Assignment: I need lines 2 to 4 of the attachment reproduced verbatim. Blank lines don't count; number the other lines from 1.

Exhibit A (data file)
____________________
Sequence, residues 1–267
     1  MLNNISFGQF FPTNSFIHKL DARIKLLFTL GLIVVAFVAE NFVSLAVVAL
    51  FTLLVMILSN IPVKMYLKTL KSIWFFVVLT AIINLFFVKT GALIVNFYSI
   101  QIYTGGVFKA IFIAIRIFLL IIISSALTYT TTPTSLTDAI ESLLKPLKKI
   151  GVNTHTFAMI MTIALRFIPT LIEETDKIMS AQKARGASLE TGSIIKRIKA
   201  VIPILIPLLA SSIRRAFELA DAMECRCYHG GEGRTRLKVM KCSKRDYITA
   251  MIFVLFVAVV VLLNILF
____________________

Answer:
     1  MLNNISFGQF FPTNSFIHKL DARIKLLFTL GLIVVAFVAE NFVSLAVVAL
    51  FTLLVMILSN IPVKMYLKTL KSIWFFVVLT AIINLFFVKT GALIVNFYSI
   101  QIYTGGVFKA IFIAIRIFLL IIISSALTYT TTPTSLTDAI ESLLKPLKKI